Copeland WE, Wolke D, Angold A, Costello EJ. Adult psychiatric outcomes of bullying and being bullied by peers in childhood and adolescence. JAMA Psychiatry. Published online February 20, 2013. doi:10.1001/jamapsychiatry.2013.504.
eTable. Definitions and interview probes for bullying and being bullied
eFigure. Ascertainment strategy for the Great Smoky Mountain Study
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Copeland WE, Wolke D, Angold A, Costello EJ. Adult Psychiatric Outcomes of Bullying and Being Bullied by Peers in Childhood and Adolescence. JAMA Psychiatry. 2013;70(4):419–426. doi:10.1001/jamapsychiatry.2013.504
Author Affiliations: Department of Psychiatry and Behavioral Sciences, Center for Developmental Epidemiology, Duke University Medical Center, Durham, North Carolina (Drs Copeland, Angold, and Costello); and Department of Psychology and Division of Mental Health and Well-being, University of Warwick, Coventry, England (Dr Wolke).
Importance Both bullies and victims of bullying are at risk for psychiatric problems in childhood, but it is unclear if this elevated risk extends into early adulthood.
Objective To test whether bullying and/or being bullied in childhood predicts psychiatric problems and suicidality in young adulthood after accounting for childhood psychiatric problems and family hardships.
Design Prospective, population-based study.
Setting Community sample from 11 counties in Western North Carolina.
Participants A total of 1420 participants who had being bullied and bullying assessed 4 to 6 times between the ages of 9 and 16 years. Participants were categorized as bullies only, victims only, bullies and victims (hereafter referred to as bullies/victims), or neither.
Main Outcome Measure Psychiatric outcomes, which included depression, anxiety, antisocial personality disorder, substance use disorders, and suicidality (including recurrent thoughts of death, suicidal ideation, or a suicide attempt), were assessed in young adulthood (19, 21, and 24-26 years) by use of structured diagnostic interviews.
Results Victims and bullies/victims had elevated rates of young adult psychiatric disorders, but also elevated rates of childhood psychiatric disorders and family hardships. After controlling for childhood psychiatric problems or family hardships, we found that victims continued to have a higher prevalence of agoraphobia (odds ratio [OR], 4.6 [95% CI, 1.7-12.5]; P < .01), generalized anxiety (OR, 2.7 [95% CI, 1.1-6.3]; P < .001), and panic disorder (OR, 3.1 [95% CI, 1.5-6.5]; P < .01) and that bullies/victims were at increased risk of young adult depression (OR, 4.8 [95% CI, 1.2-19.4]; P < .05), panic disorder (OR, 14.5 [95% CI, 5.7-36.6]; P < .001), agoraphobia (females only; OR, 26.7 [95% CI, 4.3-52.5]; P < .001), and suicidality (males only; OR, 18.5 [95% CI, 6.2-55.1]; P < .001). Bullies were at risk for antisocial personality disorder only (OR, 4.1 [95% CI, 1.1-15.8]; P < .04).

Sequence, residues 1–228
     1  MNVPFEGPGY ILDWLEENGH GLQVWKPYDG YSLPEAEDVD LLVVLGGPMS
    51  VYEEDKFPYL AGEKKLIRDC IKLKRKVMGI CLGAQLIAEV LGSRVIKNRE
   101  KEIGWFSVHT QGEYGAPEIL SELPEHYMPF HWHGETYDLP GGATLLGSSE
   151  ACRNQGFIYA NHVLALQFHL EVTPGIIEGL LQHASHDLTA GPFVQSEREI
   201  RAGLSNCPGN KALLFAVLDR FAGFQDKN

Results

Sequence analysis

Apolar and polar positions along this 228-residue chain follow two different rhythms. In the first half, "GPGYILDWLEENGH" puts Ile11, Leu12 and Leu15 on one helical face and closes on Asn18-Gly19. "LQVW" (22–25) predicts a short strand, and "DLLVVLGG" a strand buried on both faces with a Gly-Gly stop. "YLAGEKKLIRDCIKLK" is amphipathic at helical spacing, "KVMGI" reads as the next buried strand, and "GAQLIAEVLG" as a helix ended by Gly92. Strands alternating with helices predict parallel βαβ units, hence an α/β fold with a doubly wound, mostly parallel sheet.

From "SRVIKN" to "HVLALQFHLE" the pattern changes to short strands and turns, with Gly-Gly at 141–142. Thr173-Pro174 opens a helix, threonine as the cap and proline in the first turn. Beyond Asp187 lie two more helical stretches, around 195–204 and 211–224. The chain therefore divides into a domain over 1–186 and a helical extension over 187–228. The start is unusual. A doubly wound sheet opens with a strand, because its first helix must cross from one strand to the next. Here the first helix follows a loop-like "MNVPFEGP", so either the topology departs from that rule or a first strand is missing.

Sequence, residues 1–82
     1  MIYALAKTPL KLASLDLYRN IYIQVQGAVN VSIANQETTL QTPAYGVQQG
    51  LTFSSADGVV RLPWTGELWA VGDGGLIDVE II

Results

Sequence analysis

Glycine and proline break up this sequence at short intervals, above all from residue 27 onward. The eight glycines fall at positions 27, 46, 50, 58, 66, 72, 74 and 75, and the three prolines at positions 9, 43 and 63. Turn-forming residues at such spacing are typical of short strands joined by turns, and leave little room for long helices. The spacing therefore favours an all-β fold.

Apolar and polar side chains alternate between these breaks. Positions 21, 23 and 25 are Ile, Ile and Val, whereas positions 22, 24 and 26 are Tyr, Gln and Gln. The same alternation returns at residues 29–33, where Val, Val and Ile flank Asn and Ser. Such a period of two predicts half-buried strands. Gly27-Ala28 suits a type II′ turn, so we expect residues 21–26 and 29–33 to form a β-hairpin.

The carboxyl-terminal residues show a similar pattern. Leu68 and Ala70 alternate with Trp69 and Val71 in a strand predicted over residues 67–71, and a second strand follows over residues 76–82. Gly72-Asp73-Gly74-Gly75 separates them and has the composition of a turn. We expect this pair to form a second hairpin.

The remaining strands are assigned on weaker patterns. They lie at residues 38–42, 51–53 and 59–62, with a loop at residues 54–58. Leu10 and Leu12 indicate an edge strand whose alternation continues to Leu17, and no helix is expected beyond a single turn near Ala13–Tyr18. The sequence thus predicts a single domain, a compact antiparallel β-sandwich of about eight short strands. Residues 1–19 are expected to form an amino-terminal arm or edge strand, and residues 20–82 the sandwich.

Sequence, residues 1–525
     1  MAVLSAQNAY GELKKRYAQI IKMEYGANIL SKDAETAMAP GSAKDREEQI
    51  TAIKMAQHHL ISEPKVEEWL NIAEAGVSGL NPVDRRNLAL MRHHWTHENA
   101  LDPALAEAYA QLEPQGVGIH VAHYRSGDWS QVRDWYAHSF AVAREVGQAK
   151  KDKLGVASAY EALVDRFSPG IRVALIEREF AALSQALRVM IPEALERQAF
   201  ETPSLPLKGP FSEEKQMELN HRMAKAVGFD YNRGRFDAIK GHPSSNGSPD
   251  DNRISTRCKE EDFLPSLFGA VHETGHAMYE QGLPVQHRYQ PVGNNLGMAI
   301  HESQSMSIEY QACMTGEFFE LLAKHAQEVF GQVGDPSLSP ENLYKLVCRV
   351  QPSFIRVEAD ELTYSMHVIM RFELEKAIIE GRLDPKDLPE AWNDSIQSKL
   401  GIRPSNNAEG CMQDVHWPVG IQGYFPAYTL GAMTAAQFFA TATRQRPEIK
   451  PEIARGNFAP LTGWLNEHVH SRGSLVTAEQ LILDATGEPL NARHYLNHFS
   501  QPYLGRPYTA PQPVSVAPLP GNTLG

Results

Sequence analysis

Conclusions and Relevance The effects of being bullied are direct, pleiotropic, and long-lasting, with the worst effects for those who are both victims and bullies.
Research on bullying can be traced to the 1960s; however, back then, it was called mobbing and was described as collective aggression against others of the same species.1 Systematic intervention research started when 3 young boys killed themselves in short succession in Norway, all leaving notes that they had been bullied by their peers.2 Since then, it has been repeatedly reported that being a victim of bullying increases the risk of adverse outcomes, including physical health problems,3 behavior and emotional problems and depression,4 psychotic symptoms,5 and poor school achievement.6 Furthermore, being bullied is associated with an increased risk of suicide ideation and suicide attempts,7 with some evidence that those who are both victims and bullies (hereafter referred to as bullies/victims)8 are at higher risk for suicidality.9 In contrast, the major adverse outcome of being a bully in childhood has been reported to be offending.10,11 However, bullying is still commonly viewed as just a harmless rite of passage or an inevitable part of growing up.12